Some schools may do it whilst others don’t. But international boards have that as a guiding rule to have activities. That way students imbibe knowledge while having fun – that way, learning is multifold.
You have to take care to be at par with the student’s level to crack the best method in which that student would understand how to go about a particular problem.
I am not aware of what others do. I personally explain the concept and first make sure that the students know a certain amount of background, before I begin teaching. I try getting a pulse of the class. If I feel they don’t have a solid background, I try to support them better; I check with them outside class hours, during lunch break or something and try to find out if I can do something to help them out.
All the students in India, under all boards have to take up Math till grade 10. So, if a student does not have his/her fundamentals clear, the first and the most important thing is to clarify and make them understand the fundamentals to get them to work forward. You have to work on both aspects simultaneously in such scenarios.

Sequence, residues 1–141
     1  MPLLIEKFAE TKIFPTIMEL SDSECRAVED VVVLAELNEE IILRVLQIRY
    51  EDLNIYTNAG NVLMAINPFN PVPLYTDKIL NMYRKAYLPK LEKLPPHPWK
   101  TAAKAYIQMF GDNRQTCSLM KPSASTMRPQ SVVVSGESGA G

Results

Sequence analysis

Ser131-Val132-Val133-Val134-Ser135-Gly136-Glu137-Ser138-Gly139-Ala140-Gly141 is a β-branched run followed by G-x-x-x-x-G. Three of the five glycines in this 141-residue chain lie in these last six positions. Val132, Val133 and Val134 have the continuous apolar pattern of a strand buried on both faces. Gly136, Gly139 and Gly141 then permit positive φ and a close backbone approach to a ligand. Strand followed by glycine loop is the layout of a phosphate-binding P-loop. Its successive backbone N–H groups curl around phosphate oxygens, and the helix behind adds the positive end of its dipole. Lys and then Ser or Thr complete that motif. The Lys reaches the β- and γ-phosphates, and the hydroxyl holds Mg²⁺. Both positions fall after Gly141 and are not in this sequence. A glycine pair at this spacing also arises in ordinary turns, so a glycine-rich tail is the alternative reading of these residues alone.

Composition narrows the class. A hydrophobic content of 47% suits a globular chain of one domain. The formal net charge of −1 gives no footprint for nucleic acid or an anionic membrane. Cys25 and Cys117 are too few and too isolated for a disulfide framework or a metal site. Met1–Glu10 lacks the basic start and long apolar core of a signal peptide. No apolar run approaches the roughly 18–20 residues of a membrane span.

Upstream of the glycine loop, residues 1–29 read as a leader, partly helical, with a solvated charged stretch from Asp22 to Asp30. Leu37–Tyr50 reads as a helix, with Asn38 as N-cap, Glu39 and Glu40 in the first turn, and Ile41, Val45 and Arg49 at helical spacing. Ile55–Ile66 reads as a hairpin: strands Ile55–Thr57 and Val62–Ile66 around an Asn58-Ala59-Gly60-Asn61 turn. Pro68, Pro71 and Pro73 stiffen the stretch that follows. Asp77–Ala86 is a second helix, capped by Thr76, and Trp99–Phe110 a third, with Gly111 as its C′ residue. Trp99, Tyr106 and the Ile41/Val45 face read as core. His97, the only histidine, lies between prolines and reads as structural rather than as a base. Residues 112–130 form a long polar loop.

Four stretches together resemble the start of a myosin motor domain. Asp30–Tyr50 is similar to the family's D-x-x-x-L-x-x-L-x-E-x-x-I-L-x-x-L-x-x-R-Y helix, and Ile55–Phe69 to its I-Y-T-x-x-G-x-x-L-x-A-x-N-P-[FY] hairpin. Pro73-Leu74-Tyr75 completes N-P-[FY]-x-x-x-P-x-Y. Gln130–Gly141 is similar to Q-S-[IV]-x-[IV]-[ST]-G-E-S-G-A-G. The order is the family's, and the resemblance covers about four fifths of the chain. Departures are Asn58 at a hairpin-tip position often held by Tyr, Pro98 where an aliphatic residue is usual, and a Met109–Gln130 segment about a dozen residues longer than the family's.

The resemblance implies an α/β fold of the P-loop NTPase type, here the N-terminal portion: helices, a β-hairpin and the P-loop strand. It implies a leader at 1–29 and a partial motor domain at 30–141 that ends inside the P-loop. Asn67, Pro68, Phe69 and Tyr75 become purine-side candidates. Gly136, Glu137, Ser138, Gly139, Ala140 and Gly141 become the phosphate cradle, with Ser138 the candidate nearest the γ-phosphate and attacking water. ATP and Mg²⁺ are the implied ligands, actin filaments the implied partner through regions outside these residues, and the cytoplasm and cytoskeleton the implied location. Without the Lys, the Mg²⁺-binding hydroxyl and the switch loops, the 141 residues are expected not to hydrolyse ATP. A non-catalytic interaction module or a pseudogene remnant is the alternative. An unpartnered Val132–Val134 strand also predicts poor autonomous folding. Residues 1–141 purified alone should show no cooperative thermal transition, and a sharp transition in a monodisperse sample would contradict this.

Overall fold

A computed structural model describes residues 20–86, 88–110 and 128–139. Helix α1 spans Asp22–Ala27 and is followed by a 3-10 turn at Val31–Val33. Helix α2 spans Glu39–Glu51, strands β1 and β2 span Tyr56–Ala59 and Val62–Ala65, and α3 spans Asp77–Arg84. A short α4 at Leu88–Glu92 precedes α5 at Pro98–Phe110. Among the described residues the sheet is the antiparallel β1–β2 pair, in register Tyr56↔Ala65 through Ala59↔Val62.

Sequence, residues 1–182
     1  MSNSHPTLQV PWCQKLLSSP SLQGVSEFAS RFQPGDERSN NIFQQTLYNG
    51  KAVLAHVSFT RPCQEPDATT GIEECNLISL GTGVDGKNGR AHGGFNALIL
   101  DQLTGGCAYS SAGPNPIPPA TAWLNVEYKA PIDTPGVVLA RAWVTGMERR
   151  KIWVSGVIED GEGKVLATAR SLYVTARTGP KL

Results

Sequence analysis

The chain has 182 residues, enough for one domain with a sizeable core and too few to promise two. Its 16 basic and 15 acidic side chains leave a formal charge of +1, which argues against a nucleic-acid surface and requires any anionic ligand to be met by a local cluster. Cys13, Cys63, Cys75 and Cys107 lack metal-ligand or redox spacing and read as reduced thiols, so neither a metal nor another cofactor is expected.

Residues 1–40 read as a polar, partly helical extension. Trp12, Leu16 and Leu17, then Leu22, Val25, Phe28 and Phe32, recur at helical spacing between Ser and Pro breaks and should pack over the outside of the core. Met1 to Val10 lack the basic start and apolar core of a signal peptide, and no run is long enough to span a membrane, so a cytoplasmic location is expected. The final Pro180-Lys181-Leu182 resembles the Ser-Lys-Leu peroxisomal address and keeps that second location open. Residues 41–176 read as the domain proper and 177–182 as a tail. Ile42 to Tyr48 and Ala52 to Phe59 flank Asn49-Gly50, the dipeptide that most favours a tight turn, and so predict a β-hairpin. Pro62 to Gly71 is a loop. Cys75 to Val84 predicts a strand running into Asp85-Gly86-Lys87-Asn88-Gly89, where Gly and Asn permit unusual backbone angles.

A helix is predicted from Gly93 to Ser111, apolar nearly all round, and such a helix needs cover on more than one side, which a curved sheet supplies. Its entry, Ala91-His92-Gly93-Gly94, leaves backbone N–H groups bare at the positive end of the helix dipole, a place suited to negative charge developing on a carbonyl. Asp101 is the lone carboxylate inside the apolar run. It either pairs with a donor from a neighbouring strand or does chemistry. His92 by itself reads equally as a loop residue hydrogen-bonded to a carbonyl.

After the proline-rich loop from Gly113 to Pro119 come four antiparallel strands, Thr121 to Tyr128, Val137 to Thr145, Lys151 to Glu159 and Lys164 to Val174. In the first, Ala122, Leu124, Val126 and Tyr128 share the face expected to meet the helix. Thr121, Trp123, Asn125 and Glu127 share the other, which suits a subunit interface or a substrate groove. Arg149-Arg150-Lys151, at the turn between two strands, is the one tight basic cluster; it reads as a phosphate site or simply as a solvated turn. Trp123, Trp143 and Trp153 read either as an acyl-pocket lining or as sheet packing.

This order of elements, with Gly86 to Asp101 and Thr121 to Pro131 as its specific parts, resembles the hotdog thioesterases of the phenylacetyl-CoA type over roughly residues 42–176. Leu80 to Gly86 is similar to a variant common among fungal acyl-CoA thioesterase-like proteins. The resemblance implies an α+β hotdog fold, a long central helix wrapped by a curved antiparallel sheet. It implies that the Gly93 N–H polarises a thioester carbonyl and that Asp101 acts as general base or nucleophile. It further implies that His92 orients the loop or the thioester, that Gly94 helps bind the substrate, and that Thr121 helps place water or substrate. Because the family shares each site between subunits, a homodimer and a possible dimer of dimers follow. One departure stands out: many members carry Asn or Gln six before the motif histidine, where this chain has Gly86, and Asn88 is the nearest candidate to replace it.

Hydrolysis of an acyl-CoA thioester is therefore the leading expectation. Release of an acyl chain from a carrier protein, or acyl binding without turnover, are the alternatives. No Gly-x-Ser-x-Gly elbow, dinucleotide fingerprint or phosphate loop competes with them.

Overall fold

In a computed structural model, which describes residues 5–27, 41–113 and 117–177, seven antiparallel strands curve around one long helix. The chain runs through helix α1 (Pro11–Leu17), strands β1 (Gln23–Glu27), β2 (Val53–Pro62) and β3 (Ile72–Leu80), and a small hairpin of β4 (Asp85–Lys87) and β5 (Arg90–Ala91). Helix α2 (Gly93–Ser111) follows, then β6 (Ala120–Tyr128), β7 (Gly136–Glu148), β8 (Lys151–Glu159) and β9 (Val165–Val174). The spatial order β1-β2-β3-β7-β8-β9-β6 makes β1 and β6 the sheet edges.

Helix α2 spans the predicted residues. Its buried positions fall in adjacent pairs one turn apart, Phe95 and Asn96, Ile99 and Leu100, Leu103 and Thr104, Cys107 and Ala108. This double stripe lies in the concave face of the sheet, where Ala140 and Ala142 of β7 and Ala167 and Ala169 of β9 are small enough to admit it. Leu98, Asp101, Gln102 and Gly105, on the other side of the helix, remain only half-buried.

I mean, in a class of 10, if 2 students are struggling because they do not know basic concepts, you have to teach the fundamentals along with the regular class.
What I have seen is, 90% of schools focus on building the fundamentals of subjects. However, it would be good to have a Math lab. I mean, the Math lab period can be a class conducted in the Physics lab, Chemistry or Bio lab, etc.
Also, an exclusive Math lab should be there, where we can see simulations and videos. Honestly, teachers can program such simulations. There should be a certain number of hours/week dedicated for the lab activities. This will help students map theoretical concepts with real life.
The thing is Math is not just about numbers, it can be found everywhere.
Frustrations in a teaching job
(Laughs) Well, teaching is the most interesting part of my job. On the other hand, the frustrating part is the documentation part. You know, we are expected to fill lots of forms, maintain records, send emails, etc. This administrative part can get irritating.